February 11, 1917
Mine Own People,
I have left my pen at billet, so will have to ask you to excuse pencil. There really isn't much to tell. The weather has continued clear and cold, though to-day it is slightly milder and rather promises a break. Nothing has occurred to interrupt the regular routine at the school. The riding has been really enjoyable, the rest of the work not too boring.
Father's of Jan 16th received since I last wrote. I will ask Underwood about his family when I get back to the company but I am under the impression that he is a Nottingham man, and I know he is C. of E. so it is hardly likely that there is any immediate connection with your Underwood.
We had yesterday afternoon off, of course, but I stayed by the fire and read, and wrote letters. I have been reading Sir Gilbert Parker's early success; "When Valmont Came to Pontiac." It is a capital story. I got it in Nelson's Library for a franc.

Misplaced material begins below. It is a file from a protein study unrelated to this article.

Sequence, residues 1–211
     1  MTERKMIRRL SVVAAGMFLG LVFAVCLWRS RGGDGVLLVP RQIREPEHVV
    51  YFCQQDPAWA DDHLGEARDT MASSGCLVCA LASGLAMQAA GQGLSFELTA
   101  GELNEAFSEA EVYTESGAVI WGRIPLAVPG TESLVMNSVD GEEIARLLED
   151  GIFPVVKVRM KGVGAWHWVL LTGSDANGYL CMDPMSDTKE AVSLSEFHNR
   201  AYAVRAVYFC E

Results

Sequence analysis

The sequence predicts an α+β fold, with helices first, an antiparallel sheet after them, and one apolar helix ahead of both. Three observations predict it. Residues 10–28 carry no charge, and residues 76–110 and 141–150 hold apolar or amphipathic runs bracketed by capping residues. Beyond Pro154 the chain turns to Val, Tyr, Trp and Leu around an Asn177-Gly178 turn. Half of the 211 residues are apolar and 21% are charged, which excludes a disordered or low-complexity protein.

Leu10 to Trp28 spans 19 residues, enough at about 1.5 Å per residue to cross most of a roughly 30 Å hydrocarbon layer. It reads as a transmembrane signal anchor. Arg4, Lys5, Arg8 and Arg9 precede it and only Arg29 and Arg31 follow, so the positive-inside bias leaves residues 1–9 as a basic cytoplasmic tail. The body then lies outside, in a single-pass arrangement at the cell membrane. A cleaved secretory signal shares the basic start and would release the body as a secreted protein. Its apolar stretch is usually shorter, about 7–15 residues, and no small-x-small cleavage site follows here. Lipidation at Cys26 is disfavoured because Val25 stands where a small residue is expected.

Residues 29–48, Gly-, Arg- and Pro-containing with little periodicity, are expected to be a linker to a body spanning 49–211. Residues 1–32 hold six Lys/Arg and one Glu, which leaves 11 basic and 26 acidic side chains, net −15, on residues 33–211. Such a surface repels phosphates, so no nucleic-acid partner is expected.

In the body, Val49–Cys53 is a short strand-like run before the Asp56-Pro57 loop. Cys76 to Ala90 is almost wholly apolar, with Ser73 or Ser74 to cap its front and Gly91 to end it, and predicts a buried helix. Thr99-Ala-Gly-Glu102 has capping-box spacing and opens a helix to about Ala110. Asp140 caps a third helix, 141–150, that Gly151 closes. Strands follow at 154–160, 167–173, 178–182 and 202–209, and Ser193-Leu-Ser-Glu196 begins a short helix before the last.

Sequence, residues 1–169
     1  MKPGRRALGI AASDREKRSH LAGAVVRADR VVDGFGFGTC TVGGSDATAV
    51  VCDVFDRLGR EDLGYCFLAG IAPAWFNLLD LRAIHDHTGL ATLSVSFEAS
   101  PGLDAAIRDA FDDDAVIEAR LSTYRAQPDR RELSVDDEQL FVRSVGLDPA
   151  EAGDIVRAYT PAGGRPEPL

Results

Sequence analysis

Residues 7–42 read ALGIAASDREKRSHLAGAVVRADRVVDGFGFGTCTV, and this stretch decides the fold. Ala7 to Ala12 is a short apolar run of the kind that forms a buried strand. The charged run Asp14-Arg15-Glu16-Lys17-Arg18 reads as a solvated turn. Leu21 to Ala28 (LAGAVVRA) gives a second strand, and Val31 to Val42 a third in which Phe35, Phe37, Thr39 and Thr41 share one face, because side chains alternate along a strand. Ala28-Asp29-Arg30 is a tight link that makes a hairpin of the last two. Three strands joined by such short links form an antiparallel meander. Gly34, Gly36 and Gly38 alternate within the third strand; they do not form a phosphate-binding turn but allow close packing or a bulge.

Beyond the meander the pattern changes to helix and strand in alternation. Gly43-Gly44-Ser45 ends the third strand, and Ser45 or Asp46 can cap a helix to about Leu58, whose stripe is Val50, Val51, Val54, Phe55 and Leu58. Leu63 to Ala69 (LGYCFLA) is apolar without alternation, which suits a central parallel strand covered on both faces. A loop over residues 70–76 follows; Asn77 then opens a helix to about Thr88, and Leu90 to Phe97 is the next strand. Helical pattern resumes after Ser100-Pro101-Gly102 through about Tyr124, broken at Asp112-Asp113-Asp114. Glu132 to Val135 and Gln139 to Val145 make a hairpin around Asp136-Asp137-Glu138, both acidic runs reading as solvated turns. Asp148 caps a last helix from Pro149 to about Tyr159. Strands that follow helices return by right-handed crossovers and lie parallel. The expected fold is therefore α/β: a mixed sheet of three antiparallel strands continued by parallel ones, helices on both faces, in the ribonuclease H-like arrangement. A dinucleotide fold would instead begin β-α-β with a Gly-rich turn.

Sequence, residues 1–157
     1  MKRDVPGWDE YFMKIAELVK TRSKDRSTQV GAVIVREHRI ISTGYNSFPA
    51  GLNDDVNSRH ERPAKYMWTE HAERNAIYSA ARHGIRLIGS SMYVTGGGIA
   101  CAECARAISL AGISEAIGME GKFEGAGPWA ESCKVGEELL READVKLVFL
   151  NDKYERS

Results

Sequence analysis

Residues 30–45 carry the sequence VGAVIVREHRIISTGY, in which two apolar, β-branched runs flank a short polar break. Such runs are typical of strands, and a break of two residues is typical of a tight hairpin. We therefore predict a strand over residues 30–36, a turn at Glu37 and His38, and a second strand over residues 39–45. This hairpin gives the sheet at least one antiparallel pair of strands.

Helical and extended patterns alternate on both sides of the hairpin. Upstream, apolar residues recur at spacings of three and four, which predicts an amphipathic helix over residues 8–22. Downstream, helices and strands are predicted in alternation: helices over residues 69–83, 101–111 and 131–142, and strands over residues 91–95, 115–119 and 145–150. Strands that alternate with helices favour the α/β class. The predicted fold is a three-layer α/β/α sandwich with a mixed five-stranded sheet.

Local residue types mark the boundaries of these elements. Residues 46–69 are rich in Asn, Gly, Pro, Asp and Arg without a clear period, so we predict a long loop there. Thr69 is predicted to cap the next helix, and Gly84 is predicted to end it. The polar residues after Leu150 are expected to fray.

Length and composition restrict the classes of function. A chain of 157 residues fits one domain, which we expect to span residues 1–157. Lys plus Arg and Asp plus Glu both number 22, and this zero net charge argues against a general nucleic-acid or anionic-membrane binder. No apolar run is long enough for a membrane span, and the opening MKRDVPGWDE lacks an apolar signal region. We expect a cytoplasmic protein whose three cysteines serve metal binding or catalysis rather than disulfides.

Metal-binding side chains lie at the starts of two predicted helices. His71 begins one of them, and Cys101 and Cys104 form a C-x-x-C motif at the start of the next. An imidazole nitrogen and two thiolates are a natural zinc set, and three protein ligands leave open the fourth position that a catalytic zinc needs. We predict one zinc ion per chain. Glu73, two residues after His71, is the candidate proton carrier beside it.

My plans for to-day are still in abeyance. I shall go to church parade in half and hour, and after lunch I shall probably go for a little ramble somewhere, then come in for tea, and spend the evening by the fire. I wonder what you will be doing. How I should love to peep in on you.
We are watching day by day the action of the U.S. with great interest as no doubt are you. I should like to have a hand in your discussions. Unless the German move was pure bluff it looks as though war is inevitable. If it does come its chief effect it seems to me will be moral. It should make the average German very much more desirous of peace than he is at present.
Unbounded love to all of you. My thoughts are with you and of you until the home-coming.